It felt like hitting the jackpot. Nestled within the pages of Saturday’s paper were two glittering gems; an article about the positive impact of sports psychology and an article about the positive impact of stories.
Bang, pop, sparkle!
There they were.
The theories underpinning my work; learning, stories and mindset, closely allied.
Now I know these ideas are well documented and that they’ve been supported by vast tomes of research. I also know they’ve been mentioned in popular media before, but to find them side by side in the Sydney Morning Herald seemed a powerful portent. Then, as to confirm intuition, a friend’s facebook post gave further reason to smile – an image of a young girl carrying a poster saying “Children need to be taught how to think, not what to think”.
My heart cart wheeled with childlike exuberance.
Is This MyStory was validated in triplicate today.
Perhaps I should take a couple of steps back to explain. My book, Is This MyStory gathers these three concepts; learning to learn, gaining greater awareness through narrative and using strategies for targeted mindfulness, then bundles them together in a practical framework. Quite literally, I believe we can develop empathy and self awareness through the mindful appreciation of stories.
An aware state of mind allows us to simultaneously drift into those ah ha moments while still being actively, in the present. This I believe, is one of the greatest gifts of meditation. Meditation provides the mind training and intellectual space to really listen, feel and see. Or, to phrase it in a more personal way, meditation helped me separate the voice of intuition from the chatter of self talk.
Is This MyStory aims to promote creative and critical literacy. It helps young people develop their own voice. I believe when young people feel as though they have a voice, and are encouraged to use it, they begin to understand learning is a personal journey undertaken for its intrinsic value. Or to put it simply, young people learn it is their choice to learn. To date, my research has been based on what I have read and what I have observed in the classroom. I have not established control groups nor codified data. However, those who have spent time in more formal research pursuits confirm what my reality shows – learning, stories and mindset are closely allied.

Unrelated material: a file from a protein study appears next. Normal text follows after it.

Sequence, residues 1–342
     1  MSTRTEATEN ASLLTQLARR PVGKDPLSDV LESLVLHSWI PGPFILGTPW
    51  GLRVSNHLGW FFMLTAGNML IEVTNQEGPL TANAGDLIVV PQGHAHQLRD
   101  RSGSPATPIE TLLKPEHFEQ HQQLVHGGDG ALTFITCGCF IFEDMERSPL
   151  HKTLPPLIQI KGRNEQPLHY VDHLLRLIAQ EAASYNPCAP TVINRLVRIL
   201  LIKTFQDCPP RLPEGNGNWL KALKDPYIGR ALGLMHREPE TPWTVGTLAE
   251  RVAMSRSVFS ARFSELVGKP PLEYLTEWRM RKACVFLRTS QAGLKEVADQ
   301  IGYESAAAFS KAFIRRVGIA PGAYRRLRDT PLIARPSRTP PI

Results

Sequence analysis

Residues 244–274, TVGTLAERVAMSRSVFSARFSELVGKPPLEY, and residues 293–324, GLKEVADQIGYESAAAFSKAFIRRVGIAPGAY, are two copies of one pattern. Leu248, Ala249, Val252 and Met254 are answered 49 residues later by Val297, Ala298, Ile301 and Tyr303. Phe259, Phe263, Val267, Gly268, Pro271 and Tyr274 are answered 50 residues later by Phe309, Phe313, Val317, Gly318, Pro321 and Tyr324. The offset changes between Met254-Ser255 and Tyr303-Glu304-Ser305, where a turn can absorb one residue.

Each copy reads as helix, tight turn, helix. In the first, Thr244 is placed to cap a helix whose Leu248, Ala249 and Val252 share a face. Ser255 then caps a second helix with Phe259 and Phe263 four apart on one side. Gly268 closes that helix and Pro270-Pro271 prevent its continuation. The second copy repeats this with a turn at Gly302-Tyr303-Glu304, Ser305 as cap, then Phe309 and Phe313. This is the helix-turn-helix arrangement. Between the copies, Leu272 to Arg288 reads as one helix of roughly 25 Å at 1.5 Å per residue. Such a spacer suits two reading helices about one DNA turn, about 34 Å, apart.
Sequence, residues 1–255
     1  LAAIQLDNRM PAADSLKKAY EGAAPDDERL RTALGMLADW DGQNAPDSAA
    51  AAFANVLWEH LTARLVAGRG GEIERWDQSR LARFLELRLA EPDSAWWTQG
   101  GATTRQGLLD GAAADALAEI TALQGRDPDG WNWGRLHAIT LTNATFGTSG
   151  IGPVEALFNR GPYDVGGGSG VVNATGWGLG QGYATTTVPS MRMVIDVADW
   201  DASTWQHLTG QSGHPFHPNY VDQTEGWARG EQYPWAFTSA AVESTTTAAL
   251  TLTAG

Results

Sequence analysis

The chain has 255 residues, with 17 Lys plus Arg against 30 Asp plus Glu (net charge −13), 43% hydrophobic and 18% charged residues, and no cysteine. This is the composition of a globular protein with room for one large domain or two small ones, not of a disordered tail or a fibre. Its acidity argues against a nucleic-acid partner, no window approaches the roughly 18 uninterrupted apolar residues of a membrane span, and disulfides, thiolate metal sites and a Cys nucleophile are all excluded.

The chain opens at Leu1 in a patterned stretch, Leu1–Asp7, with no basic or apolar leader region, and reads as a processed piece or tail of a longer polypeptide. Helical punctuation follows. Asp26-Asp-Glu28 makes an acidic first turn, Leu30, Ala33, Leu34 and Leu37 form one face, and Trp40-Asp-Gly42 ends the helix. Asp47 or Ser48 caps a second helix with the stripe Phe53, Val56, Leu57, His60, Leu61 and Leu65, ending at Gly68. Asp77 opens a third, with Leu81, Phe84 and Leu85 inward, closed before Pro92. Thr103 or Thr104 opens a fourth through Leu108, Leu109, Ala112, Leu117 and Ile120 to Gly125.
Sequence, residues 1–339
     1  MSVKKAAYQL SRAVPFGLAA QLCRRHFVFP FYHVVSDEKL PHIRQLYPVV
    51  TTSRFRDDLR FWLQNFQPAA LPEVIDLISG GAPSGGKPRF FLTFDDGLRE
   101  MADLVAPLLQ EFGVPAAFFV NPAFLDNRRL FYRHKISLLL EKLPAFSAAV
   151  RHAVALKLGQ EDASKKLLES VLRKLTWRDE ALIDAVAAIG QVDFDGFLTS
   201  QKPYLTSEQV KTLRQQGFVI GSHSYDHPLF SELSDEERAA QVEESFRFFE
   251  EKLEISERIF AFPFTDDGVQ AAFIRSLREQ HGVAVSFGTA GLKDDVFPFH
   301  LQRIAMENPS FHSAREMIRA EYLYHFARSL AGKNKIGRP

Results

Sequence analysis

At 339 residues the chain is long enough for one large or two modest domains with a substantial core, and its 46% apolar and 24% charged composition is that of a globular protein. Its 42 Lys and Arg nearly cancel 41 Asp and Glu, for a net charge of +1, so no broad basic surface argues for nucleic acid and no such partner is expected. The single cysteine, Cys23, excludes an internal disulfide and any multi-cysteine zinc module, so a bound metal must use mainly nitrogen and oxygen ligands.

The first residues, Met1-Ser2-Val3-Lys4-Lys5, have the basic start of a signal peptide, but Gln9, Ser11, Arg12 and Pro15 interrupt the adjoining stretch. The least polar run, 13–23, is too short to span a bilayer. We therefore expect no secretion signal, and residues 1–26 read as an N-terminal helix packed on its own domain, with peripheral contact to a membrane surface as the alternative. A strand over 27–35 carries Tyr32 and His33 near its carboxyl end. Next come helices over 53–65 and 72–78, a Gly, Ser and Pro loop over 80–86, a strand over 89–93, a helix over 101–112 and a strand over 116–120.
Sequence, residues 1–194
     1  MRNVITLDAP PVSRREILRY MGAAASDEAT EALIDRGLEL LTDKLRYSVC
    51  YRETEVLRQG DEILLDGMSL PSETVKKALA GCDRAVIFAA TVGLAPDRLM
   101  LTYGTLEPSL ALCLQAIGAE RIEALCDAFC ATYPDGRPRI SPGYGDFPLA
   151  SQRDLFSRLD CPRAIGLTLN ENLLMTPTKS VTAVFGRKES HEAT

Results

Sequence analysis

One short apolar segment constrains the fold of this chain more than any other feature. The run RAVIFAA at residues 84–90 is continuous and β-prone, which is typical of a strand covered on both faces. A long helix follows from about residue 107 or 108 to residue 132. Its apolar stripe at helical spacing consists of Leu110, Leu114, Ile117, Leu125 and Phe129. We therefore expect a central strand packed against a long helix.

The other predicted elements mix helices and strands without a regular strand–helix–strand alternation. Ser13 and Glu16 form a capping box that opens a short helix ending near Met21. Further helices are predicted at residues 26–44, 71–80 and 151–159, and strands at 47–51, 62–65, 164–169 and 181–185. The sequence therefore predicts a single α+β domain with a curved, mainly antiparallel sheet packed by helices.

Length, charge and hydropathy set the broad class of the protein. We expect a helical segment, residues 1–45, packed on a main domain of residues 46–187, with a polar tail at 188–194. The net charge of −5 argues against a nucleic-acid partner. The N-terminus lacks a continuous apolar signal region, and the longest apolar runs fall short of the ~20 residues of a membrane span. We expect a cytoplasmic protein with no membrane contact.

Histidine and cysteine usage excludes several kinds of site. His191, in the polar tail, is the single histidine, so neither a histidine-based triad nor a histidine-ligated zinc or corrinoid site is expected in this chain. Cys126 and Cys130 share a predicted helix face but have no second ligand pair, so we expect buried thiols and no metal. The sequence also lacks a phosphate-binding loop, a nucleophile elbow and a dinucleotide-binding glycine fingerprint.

So, to circle back to the beginning – this synchronistic appearance of two articles and a photo may suggest that society will soon (if not already) recognise why learning institutions need to change.
Schools need to offer students the opportunity to learn how to relax, how to show empathy, how to be flexible and how to develop creative problem solving skills. Some of the strategies we can use to achieve this are mindfulness, meditation and storytelling.
Welcome to a World of Expression.
P.S If you are interested, these are the articles I was refering to;
1) ‘All Psyched Up’ , Amanda Hooton, The Good Weekend, SMH 7/7/2012
2) ‘Character Building’, Megan Johnston, Spectrum, SMH 7/7/2012